The evening didn't include any official kiddush or havdalah, but could have included both if desired, whether simultaneously, sequentially, or interwoven (and there were drinks available, and people could have done either for themselves).

Scope and Generalizability

A number of factors conspired to make this solution feasible, and at the same time limit its generalizability to other communal events on days with disputed status:
  • Davening wasn't the focus of the event; it was just a warmup for the main event (hakafot and Torah reading).
  • It was an evening service, so the Amidah is silent, and the overall structure of the service is almost identical for weekdays and yom tov.
  • "Simchat Torah" allowed for a creative resolution to the nusach question.
  • TLS does not meet every Shabbat, and does not meet on most holidays; this was a special event.
So the specifics of this solution are generalizable to other Simchat Torah celebrations on the night of 23 Tishrei, and with some adjustments, to other ma'ariv services and perhaps minchah too (particularly with a "heicha kedushah"). Beyond that, it gets more complicated. Communities that meet regularly for yom tov services (particularly morning services) and want to maintain a neutral stance on the number of days of yom tov have a more difficult task ahead of them (though the 2nd days of Sukkot and Pesach are a little bit easier because of the shared material between yom tov and chol hamo'ed services). Options might include offering multiple simultaneous service options (particularly if the disputed day is on Shabbat, when the community would be having services whether or not it is yom tov), or having a service on the 2nd day but making it clear that this represents only a segment of the community (while the 1-day observers are presumably going to work anyway). Other creative solutions are yet to be developed, but are likely to see much exploration in the years to come. Please leave a comment if you know of others.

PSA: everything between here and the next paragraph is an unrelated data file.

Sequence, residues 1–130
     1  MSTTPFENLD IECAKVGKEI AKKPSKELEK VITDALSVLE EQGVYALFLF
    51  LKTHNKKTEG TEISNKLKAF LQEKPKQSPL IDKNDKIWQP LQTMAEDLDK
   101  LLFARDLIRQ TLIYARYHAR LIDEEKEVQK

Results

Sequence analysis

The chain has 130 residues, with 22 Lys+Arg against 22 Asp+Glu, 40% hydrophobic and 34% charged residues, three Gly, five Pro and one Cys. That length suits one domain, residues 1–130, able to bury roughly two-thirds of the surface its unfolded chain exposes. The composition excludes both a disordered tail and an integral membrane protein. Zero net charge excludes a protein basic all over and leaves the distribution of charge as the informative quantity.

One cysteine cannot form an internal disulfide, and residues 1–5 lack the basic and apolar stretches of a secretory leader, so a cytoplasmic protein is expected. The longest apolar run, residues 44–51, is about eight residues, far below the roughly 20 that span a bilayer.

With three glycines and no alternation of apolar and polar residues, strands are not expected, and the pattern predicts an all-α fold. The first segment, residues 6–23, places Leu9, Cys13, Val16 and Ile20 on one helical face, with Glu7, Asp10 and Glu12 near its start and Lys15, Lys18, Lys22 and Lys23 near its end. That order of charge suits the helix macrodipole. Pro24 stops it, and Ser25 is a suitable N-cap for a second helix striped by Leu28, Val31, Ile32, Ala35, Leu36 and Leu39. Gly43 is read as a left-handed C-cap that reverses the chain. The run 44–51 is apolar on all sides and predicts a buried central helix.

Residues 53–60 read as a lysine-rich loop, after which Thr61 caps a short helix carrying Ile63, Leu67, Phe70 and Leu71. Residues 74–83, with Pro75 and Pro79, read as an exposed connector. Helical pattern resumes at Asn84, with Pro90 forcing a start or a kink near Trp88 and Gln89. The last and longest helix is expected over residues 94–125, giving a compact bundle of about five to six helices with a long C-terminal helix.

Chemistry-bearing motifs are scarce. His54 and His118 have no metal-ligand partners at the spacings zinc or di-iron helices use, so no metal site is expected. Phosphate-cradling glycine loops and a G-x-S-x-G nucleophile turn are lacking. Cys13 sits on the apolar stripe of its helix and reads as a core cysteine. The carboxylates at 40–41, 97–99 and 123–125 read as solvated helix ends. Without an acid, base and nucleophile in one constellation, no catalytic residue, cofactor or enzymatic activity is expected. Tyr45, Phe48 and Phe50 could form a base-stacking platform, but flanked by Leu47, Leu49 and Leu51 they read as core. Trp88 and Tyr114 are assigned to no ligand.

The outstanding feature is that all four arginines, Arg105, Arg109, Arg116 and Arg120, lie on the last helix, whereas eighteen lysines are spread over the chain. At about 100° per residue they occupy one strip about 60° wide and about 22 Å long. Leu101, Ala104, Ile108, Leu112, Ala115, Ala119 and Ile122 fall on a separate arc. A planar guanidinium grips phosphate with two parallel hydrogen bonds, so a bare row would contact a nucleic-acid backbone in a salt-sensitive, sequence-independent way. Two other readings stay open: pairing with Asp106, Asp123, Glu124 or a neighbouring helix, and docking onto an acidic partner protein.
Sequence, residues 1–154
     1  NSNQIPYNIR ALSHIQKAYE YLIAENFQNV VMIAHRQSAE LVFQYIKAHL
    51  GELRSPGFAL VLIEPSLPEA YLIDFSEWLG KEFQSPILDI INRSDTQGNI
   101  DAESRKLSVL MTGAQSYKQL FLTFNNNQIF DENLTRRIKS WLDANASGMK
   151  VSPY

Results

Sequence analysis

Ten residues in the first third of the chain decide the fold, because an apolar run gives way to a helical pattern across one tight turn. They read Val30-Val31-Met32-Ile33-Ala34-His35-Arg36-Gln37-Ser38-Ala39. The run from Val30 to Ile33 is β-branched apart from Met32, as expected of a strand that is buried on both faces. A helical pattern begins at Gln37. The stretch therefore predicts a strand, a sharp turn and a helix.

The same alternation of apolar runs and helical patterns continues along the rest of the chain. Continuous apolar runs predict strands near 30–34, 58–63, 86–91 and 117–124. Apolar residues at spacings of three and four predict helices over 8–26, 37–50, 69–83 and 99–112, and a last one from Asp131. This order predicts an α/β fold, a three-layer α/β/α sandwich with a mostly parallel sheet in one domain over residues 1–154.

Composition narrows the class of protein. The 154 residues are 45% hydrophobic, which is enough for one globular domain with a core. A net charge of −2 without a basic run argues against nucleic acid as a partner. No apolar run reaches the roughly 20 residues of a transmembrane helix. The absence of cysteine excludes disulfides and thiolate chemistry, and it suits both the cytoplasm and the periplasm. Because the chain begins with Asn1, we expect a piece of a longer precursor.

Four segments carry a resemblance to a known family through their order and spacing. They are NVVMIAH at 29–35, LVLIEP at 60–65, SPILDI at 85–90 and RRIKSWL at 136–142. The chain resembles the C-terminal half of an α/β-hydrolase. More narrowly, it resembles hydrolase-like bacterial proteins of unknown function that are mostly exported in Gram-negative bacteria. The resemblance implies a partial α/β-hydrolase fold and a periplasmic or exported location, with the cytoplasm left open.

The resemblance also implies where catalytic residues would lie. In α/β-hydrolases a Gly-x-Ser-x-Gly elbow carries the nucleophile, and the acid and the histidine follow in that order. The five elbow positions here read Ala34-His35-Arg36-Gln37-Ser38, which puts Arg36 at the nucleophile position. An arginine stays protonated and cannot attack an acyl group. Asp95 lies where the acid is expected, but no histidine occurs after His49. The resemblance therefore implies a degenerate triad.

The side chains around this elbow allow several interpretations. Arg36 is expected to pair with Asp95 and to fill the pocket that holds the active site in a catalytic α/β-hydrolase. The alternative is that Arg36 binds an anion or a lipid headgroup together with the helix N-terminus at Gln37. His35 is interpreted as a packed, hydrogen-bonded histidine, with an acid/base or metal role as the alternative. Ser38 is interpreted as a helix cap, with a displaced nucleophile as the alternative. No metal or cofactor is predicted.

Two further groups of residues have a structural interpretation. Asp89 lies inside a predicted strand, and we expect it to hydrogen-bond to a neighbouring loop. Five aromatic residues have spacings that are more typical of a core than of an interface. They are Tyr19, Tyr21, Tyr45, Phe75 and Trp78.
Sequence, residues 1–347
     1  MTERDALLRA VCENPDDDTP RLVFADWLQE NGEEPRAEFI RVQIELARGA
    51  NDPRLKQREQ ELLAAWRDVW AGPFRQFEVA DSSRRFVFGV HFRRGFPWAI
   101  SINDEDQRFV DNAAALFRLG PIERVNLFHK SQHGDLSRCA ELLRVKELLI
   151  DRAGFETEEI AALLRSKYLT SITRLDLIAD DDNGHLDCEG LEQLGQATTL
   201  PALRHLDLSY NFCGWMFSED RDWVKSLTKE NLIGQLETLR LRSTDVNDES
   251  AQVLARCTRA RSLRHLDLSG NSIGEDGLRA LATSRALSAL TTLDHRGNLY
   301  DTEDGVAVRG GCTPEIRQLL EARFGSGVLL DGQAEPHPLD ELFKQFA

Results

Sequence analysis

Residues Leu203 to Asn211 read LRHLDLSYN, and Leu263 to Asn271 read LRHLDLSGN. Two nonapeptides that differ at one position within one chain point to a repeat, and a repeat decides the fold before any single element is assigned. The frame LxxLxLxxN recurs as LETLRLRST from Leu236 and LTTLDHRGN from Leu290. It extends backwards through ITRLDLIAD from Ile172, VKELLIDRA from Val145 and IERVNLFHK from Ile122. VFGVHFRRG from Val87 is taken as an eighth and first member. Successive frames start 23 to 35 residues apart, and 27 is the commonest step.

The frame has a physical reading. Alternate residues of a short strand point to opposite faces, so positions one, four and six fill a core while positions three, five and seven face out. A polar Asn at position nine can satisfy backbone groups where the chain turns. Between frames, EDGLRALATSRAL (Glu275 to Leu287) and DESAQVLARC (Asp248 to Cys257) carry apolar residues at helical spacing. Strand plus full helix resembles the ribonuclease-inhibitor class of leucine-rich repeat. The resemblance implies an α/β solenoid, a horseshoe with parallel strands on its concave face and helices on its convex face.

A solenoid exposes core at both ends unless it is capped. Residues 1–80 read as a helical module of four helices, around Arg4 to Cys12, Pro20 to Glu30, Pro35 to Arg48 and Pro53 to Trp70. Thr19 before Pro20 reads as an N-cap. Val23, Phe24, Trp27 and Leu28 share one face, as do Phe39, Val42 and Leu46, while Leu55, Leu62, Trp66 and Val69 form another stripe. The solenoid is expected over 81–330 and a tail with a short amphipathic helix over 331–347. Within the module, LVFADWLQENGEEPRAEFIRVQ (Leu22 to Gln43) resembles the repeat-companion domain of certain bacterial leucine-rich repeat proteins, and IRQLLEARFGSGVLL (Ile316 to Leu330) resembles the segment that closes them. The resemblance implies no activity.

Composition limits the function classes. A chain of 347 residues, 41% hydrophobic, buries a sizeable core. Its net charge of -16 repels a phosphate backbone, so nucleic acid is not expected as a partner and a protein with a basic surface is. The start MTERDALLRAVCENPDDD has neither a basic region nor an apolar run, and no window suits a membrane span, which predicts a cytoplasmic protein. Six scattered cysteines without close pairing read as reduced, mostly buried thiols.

Now taking requests for Part IX.


  1. "TLS has also had non-Shabbat services on several special occasions: Purim, selichot, and the second night of Rosh Hashanah."

    And a Tikkun Leil Shavuot 5769 with the Adas Trad Egal minyan. TLS was responsible for the maariv service at the beginning(with dvar tikkun); we co-organized the workshops thru the night' and Adas Trad Egal & Zoo Minyan had a sunrise service at the end in which those who stayed through the night (or came back) participated.

  2. Ok, I stand corrected. TLS has previously met on one of the pilgrimage festivals, but not in a way that forced taking a stance on 1-day vs. 2-day yom tov.

    (What does a joint Adas Trad Egal + Zoo Minyan service look like?)

  3. Great writeup BZ! Assuming that the service alternates between the 22nd and 23rd of Tishrei in the years this approach is a stage III solution. If simchat torah celebrations always happen on the 23d--or even just the next time--it can be (reasonably) concluded that TLS has taken a position and is attempting to blunt the impact on those whose position has not been accepted.

  4. One point I didn't emphasize in the post:

    The fact that there was any consideration of nusach marks this as Stage-3 discourse. In Stage 1, it would be difficult for anyone to claim with a straight face that a particular nusach was forbidden or compulsory (not that they wouldn't try), but that conversation becomes more coherent through the lens of communal identity and which individual identities are included within it.

  5. ZT writes:
    If simchat torah celebrations always happen on the 23d--or even just the next time--it can be (reasonably) concluded that TLS has taken a position and is attempting to blunt the impact on those whose position has not been accepted.

    I wouldn't draw that conclusion. As long as "Simchat Torah" is explicitly decoupled from yom tov, the timing of the Simchat Torah celebration has no bearing on how many days of yom tov are recognized by the community. TLS might have even decided to hold its "Simchat Torah" event on Friday night, 24 Tishrei (in keeping with TLS's usual meeting time of Friday night), but that wouldn't mean that TLS has decided that yom tov has 3 days.

    (Actually, that wouldn't be the worst idea. But then do you do a full kabbalat shabbat or not?)